March 24, 2008 12:00am

WHICH country’s interests are best served by an uprising in Tibet on the eve of the Beijing Olympics?
The USA’s, of course.

The Bush administration has long been frightened of China’s burgeoning rival superpower status, and US stoking of the Tibetan fires to provide maximum international embarrassment to China cannot be ruled out.

Tibet is a cause celebre for the Hollywood glitterati, pop stars and celebrity politicians. They imagine it to be some sort of wondrous Shangri-la led by a beacon of peace and light, the Dalai Lama. The vast majority of the Western media is in love with the Dalai Lama and the Free Tibet movement. In fact, so blinkered are the Free Tibet and I-love-the-Dalai-Lama types that they will line up with their No. 1 enemy, the Bush administration, to throw darts at China for seeking to restore order in a land that China has occupied since 1951.

So what evidence do we have of US involvement in this latest round of Tibetan violence? History suggests it might be the case. The CIA gave the Tibetans and the Dalai Lama money and support through the 1950s and 1960s. On September 15, 1998, a Los Angeles Times investigation revealed that during “the 1960s, the CIA provided the Tibetan exile movement with $1.7 million ($1.83 million) a year for operations against China, including an annual subsidy of $180,000 ($193,500) for the Dalai Lama”. The CIA trained Tibetan guerrillas in Nepal and in Colorado during that period. This CIA support petered out in the 1970s.

So what is the situation today? Michael Barker, a PhD student at Griffith University in Brisbane who studies social and political movements, says much of the present international campaigning for a free Tibet is financed by the National Endowment for Democracy (NED), which is closely linked to the CIA.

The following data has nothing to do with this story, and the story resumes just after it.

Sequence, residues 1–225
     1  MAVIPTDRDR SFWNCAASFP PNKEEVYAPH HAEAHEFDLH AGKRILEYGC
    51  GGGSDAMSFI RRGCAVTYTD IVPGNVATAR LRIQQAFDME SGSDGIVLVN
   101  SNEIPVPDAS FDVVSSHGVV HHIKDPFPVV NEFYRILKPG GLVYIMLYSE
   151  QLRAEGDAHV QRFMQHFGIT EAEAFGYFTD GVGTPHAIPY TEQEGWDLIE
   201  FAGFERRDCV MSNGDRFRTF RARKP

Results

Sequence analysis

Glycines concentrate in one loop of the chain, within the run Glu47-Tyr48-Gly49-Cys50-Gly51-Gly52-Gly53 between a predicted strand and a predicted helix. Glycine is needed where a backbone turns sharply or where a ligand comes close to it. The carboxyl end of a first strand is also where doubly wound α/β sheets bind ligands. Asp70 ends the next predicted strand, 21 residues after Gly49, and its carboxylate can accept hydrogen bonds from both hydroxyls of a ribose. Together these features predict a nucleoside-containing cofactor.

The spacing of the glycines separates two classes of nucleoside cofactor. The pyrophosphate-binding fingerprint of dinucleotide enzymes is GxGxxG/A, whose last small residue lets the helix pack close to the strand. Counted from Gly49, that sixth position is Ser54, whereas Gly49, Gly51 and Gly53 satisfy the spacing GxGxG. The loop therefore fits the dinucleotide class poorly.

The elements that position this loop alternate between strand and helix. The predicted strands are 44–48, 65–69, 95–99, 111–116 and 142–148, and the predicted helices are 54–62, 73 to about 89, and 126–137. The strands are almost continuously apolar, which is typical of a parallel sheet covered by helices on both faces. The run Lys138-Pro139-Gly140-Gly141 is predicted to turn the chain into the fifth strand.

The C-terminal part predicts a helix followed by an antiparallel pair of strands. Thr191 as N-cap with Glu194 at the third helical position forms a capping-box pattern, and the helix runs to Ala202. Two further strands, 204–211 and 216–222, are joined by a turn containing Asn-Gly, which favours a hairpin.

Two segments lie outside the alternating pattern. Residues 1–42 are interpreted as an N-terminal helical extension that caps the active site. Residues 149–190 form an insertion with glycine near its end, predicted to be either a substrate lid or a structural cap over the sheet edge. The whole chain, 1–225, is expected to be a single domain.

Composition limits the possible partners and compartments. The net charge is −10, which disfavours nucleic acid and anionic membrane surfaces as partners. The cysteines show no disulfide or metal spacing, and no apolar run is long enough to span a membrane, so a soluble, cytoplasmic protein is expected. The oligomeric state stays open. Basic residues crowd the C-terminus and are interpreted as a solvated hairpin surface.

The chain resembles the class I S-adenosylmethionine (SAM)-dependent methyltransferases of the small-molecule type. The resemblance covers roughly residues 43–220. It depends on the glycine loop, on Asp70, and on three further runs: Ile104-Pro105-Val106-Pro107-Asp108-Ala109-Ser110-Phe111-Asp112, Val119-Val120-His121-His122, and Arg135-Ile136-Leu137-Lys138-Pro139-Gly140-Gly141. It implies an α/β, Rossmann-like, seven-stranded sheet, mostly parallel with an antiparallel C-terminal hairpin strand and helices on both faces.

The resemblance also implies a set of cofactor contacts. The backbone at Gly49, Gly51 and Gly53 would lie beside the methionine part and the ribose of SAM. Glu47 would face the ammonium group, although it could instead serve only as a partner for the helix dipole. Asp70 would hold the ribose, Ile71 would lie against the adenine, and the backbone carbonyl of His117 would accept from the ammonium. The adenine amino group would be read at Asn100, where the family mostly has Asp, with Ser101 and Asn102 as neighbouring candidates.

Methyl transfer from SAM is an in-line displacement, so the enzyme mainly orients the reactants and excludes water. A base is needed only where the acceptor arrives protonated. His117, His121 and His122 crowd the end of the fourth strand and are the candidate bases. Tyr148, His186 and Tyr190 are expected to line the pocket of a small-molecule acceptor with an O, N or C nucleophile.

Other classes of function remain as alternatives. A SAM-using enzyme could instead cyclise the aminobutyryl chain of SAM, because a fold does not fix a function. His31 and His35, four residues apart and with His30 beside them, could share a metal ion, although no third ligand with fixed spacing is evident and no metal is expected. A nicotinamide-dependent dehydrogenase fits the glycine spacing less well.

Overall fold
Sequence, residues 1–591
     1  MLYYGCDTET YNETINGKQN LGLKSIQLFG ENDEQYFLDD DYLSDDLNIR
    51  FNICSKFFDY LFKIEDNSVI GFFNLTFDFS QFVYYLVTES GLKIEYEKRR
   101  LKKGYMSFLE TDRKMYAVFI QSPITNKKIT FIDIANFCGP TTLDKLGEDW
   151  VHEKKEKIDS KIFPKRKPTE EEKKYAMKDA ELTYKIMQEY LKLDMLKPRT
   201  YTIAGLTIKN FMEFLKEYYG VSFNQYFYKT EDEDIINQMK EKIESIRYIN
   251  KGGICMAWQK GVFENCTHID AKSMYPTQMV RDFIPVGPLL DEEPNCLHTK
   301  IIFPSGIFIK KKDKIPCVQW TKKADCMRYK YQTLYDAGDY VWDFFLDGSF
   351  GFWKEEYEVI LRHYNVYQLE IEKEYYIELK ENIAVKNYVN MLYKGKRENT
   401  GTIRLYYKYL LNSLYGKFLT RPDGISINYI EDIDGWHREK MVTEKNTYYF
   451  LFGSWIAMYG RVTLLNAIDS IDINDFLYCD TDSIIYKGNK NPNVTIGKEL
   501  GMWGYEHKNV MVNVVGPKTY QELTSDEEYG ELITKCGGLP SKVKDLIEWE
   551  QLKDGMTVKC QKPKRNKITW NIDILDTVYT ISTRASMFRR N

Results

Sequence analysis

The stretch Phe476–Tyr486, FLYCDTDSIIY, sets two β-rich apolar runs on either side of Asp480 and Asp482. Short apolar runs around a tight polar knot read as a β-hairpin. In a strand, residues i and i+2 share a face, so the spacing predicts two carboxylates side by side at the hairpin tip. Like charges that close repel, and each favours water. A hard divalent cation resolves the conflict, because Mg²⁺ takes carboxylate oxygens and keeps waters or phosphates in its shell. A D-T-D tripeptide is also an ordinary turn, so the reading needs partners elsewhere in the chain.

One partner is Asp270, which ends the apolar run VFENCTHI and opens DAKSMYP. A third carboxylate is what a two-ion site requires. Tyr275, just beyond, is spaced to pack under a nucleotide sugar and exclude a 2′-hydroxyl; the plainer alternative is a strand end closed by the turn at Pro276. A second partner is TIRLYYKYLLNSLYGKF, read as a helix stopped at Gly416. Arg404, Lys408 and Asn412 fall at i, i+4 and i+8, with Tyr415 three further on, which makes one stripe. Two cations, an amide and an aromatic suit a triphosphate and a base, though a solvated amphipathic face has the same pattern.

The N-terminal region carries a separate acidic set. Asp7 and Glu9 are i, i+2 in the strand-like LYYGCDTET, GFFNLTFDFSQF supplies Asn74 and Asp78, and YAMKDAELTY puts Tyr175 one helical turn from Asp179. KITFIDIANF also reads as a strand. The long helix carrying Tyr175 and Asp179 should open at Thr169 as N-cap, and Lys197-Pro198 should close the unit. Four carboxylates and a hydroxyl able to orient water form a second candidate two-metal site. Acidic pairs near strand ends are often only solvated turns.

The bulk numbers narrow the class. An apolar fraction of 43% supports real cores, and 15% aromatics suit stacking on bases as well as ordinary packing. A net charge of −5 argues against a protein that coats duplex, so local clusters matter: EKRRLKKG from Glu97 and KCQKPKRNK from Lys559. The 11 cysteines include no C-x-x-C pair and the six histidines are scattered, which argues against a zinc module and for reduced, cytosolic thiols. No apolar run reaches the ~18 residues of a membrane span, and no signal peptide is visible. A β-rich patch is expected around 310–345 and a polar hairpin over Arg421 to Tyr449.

Mr Barker, in a paper written in August last year, notes that the NED was established in 1984 by President Ronald Reagan. The role of the NED, which admits to receiving funds directly from the CIA, is to foster democracy throughout the world.

The NED has financed the work of the International Campaign for Tibet, the Tibet Fund and the Tibetan Information Network, the three leading anti-Chinese Tibetan advocacy organisations. In short, the CIA/NED directly bankrolls the apparatus that runs the Dalai Lama’s international campaign for a non-violent revolution in Tibet to overthrow the Chinese.

But is the CIA on the ground in Tibet and working with the locals to whip up riots against China? It cannot be ruled out altogether. As Time magazine revealed in a January 2003 report, the CIA under President George W. Bush has rebuilt its Special Operations Group, a paramilitary force. One cannot rule out the possibility, or indeed the probability, that this group and other CIA operatives have had some role in fuelling unrest in Tibet over the past few weeks.

But, you might ask, in any event aren’t the Chinese the oppressors here, and the Dalai Lama and the Free Tibet movement the good guys? Shouldn’t our Mandarin-speaking Prime Minister Kevin Rudd be berating the Chinese leadership about Tibet?

The answer to those questions is that things are not that simple.

The Dalai Lama heads an elite of families and religious figures that once ruled Tibet. And the Tibet they ruled was one of the most backward and inhumane societies in the world. Almost 90 per cent of Tibetans were slaves before the Chinese invaded the country.

As an Indian commentator, Aniket Alam, wrote last week: “Far from any democratic rights, for an overwhelming majority of Tibetans, the rule of the Dalai Lama was one of unending unpaid labour, cruelty and debt-bondage and not some spiritual Shangri-La. Some historians have even asserted that Tibetan feudal oppression was even worse than its Chinese counterpart, while one prisoner in the Dalai Lama’s prison in the 1950s called it hell on Earth.”

The Dalai Lama himself today supports some dubious causes. In 2000 he joined Pope John Paul, Margaret Thatcher and George Bush senior in pleading with the British government to let former serial human rights abuser and Chilean dictator Augusto Pinochet go free. And while Catholic bishops and Muslim clergy are frequently castigated by the media for their eccentric views on sexuality, no one raises an eyebrow when the Dalai Lama says that “using one’s hand, that is sexual misconduct”.

It would be ironic if those who uncritically adore the Dalai Lama and support the Free Tibet campaign realised that their inherent enemies in the Bush administration and the CIA were bankrolling the cause, wouldn’t it? But it certainly looks that way.

China is not perfect, but nor are the Dalai Lama and the Free Tibet crowd, who are being used as pawns by the US.


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